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Once your soil mixture is ready , add carefully around the potato stems , unroll bags and fill the pouches up to the top.  I have three 10 gallon and three 5 gallon pouches for the potatoes. You can use larger bags but since I move mine rather frequently to weed trim that’s about my weight limit that I can comfortably move or slide around in the Hilltop garden. Until next time.

Rainy Day

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A few sore  muscles but  what a feeling of accomplishment on this rainy day. Trellises are up! Yes! Different sizes for different plants. The best news – all the supplies except the netting I already had from previous years. The photo was taken the day of completion and upside-down buckets made wonderful seats for a weary gardener.

 

Most of the little watermelon, cantaloupe, and cucumber  seedlings are snug in their new home with a few marigolds as companion plants.

 

Napa cabbage sprouts are in one of the smaller hi-rise beds by the greenhouse and I hope the snails and slugs left them alone overnight. Hot and sweet peppers, tomatoes are planted and one lonely tomatillo was placed next to the garlic. I have read not to place them next to the tomatoes in case of cross-pollination. 20170525_140347 Basil babies – genovese, thai, lime and purple are still in the greenhouse but their home by the asparagus bed is waiting for them.PhotoGrid_1495763321934

My petunia, salpiglossis ( looks like a taller petunia, new one for me), Irish Poet Tassel  and zinnia seedlings are waiting patiently. Alyssum are still little. But my treat today was to go to a family owned  garden center and pick up  some larger flowers for the front of our home. 20170525_200717Just some early color as I have calendula that have readily reseeded from previous years. Until next time.

Under construction. Can I get it all done?

20170521_081212I love gardening but sometimes at this time of year I wonder can I  get this all done by the end of May? Not counting succession planting either.  The hilltop garden – fourteen low-rise and three high-rise raised beds plus a trellis has kept me busy prepping this week. Let’s not forget the two smaller high-rise raised beds by the greenhouse, the old strawberry bed which will be an insectary of flowers for the pollinators, the raised bed by house, side beds of flowers and the front of the house.  As always weeds seem to find a way into the beds but each year it has been a little bit less. With raised beds the weeds are less and cover crops of buckwheat have helped. A late April frost nearly finished the buckwheat in the hilltop garden but only in parts.20170521_105508

  • The former bean trellis was transformed into a squash trellis  with cushaw and butternut squash – two on each side.  Waltham and Polaris are the two varieties of the butternut that I’m trying this year. Previously I had grown smaller varieties of butternut squash  but found they weren’t enough for us. We’ve been eating more and more veggies over the years.  Waltham is one of the largest types with Polaris right behind it. This year I’m using a different trellis system for the beans. Under construction are the many trellis fixtures we are erecting for the vining vegetables – cucumbers, squash, cantaloupes and beans.

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  • Sweet peppers were planted in one of the high raised beds – 21 in fact. Marconi Yellow , Sweet Red Apple to Margaret  and a very mild semi-hot type that has evolved over the years. Hot peppers are next in another high-rise bed but that’s for another day .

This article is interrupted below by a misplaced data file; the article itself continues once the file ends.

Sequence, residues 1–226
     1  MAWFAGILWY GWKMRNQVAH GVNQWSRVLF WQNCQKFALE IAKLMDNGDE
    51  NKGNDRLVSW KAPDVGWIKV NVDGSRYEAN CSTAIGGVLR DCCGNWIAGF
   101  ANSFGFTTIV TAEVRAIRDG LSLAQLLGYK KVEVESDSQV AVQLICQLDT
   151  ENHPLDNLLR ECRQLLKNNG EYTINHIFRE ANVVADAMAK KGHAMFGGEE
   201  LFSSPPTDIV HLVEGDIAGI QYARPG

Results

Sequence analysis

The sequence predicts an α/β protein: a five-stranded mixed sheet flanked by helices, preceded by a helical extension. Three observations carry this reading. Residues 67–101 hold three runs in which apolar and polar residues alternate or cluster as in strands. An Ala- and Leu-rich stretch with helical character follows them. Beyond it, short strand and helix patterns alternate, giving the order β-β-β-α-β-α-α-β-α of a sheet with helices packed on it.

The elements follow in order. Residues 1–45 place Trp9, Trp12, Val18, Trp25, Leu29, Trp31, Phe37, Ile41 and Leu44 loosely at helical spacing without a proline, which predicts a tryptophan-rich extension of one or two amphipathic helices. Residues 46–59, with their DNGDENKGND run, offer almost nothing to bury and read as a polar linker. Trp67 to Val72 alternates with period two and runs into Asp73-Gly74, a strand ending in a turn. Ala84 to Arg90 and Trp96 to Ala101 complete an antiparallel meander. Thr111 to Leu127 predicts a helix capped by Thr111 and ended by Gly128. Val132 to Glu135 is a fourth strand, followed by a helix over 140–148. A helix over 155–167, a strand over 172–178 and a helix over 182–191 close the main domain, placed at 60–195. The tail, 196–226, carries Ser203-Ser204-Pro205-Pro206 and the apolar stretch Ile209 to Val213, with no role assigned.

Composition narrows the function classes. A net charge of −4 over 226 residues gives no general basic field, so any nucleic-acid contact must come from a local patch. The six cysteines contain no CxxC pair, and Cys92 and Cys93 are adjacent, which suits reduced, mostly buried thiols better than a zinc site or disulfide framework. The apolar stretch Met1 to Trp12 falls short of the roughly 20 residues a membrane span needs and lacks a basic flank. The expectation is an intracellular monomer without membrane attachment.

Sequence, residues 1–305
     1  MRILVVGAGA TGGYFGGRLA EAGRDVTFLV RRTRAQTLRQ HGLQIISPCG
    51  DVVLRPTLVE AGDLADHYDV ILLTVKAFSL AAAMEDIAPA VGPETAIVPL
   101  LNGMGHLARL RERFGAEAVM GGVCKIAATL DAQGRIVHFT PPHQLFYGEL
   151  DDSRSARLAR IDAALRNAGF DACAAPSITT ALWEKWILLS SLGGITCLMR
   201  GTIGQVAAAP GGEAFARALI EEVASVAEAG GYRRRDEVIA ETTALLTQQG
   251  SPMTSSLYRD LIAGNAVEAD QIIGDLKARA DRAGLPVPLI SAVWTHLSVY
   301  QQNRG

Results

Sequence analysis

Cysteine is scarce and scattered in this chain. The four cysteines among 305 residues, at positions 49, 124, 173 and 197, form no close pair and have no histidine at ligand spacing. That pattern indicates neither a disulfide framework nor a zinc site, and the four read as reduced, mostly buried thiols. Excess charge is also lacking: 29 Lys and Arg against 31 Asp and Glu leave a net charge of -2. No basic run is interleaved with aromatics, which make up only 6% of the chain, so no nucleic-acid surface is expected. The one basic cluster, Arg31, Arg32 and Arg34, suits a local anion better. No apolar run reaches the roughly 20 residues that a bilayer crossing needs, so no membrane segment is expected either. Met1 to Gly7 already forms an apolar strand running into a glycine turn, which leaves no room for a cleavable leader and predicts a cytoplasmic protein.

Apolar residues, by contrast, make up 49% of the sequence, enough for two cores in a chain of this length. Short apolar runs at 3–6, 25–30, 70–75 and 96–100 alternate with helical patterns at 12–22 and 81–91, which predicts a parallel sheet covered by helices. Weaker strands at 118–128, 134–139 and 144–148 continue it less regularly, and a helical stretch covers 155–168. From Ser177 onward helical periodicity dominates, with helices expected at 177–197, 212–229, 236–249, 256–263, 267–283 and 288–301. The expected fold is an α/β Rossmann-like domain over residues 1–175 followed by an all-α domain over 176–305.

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  • Created another netting tunnel for the back row of brassicas, primarily brussels sprouts and one red cabbage.  Long Island and Doric F1 are the brussels sprouts varieties with Long Island being the new one this year. Red Express is the only red cabbage  variety. Field mice I found love brassicas. So the brussels have been nibbled down to one leaf each but are making a comeback.
  • In front of the sprouts were broccoli plants that I quickly covered when I discovered the destruction in the back row a few weeks ago. Calabrese has been my standby on broccoli with excellent side shoot production through out the year but I’m also giving Acadia a try this year as well. It’s supposed have a  six to eight head main head with tight flowers and side-shoot production too. Until next time. Happy gardening.

Swamped With Seedlings

20170506_202444Swamped with seedlings inside the house I’m waiting for this latest cold snap to move on and give us warmer weather. All of the warm season plants are still under T5 6500K lights. They’re crowded, just waiting to make a move out to the little greenhouse, where they can finally stretch out their roots.

Squash, melons, cucumbers and zucchini. New types of squash that I’m trying this year are Green Striped Cushaw and Delicata . Cushaw a winter squash is resistant to the squash vine borer (SVB) and I hope that is the case.  I’m about to find out. Some use this in place of pumpkin or butternut squash in recipes. Delicata also a winter variety has had rave reviews about taste, more like a sweet potato . In either case I look forward to the harvest.

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Minnesota Midget Cantaloupe from last year

Minnesota Midget melons – I successfully grew last year and though small like a softball , are an excellent tasting cantaloupe. Haven’t grown cucumbers for years but this year I am taking the plunge with the Longfellow variety, which was introduced in 1927 by Jerome B. Rice Seed Company in New York. I plan on using it as a slicing cucumber for salads. I also have a new variety of watermelon – Blacktail. It has a short growing season and is perfect for northern growers. All of these veggies will be grown vertically, since I don’t have the room in my garden for all of these vines. They also require a careful watch for powdery mildew and insects. That’s another story.

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Basil. I can’t forget to mention. I love basil- Genovese, Thai, Purple and Lime. More than likely I have too much. Until next time.